Extreme Macro Gallery - 'Two Fly Macro' by Johan J Ingles-Le Nobel
Extreme Macro Gallery - 'Two Fly Macro' by Johan J Ingles-Le Nobel

One fly is good, but two flys is sometimes better. So this is, I think, a pair of greenbottles (not bluebottles, I promise you they look green compared to the bluebottle I compared them to at the time!), they're rather mundane creatures but not without a certain aesthetic appeal when you look at them like this. A blue background slightly gradiented towards purple - I wanted some vibrancy and I think this gave it to me!

Posing this wasn't easy. I used the Watkins & Doncaster Insect Examination Stage with some cork cut out in a 2 cm by 1/2 cm by 1/2 cm strip mounted at the tip. Then I cut a groove into the cork for each mounted insect according to the angle which I needed for the shot. Each of these insects were mounted on a thick black ent pin.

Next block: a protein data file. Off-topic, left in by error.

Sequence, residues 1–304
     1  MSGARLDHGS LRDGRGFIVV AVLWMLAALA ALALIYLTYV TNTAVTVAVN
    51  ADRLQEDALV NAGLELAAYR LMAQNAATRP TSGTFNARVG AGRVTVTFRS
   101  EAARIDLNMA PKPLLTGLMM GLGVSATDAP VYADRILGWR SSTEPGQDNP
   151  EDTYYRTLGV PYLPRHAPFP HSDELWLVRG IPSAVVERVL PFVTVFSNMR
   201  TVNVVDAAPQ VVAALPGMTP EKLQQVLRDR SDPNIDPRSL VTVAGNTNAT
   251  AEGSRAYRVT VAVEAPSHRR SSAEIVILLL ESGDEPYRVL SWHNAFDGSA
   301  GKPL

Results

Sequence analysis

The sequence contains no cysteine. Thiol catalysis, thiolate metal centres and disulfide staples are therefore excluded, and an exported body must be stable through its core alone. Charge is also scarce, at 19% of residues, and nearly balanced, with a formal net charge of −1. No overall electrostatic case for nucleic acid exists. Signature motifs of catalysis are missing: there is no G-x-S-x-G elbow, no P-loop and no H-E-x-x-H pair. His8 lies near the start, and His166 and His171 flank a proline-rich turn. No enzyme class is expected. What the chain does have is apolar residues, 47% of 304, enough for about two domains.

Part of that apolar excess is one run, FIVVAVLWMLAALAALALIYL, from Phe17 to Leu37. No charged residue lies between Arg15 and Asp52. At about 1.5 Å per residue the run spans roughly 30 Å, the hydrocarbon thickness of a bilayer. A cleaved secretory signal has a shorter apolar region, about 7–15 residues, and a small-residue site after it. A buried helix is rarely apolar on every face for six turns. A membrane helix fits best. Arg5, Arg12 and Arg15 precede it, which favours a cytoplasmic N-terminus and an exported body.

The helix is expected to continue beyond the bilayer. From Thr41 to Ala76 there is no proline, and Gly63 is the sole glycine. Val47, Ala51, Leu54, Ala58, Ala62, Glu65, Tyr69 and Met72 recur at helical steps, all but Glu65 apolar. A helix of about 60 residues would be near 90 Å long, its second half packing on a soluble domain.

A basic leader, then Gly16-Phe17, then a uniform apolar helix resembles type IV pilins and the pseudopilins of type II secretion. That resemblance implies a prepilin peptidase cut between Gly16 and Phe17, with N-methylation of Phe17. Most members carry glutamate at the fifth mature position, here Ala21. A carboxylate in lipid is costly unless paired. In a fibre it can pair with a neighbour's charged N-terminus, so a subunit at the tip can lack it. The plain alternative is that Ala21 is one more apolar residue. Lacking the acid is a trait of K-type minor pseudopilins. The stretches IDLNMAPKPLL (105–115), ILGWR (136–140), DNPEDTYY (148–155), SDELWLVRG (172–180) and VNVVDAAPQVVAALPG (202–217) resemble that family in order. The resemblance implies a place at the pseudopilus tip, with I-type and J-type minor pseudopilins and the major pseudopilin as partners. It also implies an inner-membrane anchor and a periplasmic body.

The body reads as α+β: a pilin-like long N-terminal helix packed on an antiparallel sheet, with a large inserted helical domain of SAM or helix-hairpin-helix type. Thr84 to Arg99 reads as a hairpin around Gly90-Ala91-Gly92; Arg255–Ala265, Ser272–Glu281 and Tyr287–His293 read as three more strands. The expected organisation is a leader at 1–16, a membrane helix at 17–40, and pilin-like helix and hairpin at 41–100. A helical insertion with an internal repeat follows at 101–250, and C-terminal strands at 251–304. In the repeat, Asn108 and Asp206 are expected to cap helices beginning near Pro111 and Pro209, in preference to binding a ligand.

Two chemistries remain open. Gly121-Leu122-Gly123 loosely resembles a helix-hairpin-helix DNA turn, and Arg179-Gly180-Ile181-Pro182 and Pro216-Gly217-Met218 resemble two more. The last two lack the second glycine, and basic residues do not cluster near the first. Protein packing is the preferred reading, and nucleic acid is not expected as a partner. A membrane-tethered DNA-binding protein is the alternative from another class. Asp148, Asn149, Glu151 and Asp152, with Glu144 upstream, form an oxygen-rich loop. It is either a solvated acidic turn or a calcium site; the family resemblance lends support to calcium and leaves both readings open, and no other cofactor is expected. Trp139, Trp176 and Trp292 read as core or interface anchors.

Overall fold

I fiddled, swore and cursed for 30 mins to get them parallel and in the positions I wanted, cutting off the end of the pins that went beyond the cork so that it could all fit into the chip cone diffuser. These chip cones are handy because they're shaped so that they diverge so allow relatively big things inside the diffuser (mine just sits on the end of the lens with a custom reverse lenscap made from a black party popper) but they're also the right shape so that there's still enough omni directional light of a similar intensity (because of similar distances, not quite a perfect hemisphere but better than other things I tried). With close flashes I get away with 1/32 and 1/64.

This Image

The image above is a slight reworking of the original at Flickr, being marginally brighter and cleaner in the background, largely due to my using a new version of Topaz Detail. This image has been exceptionally good to me and, at the time of writing, has amassed a somewhat eye watering 1,107 favourites and 709 comments. It's been on the BBC, been featured by photography magazines and scored well in county-level photography competitions. Having two together is very eye-catching, and not usually done. Food for thought.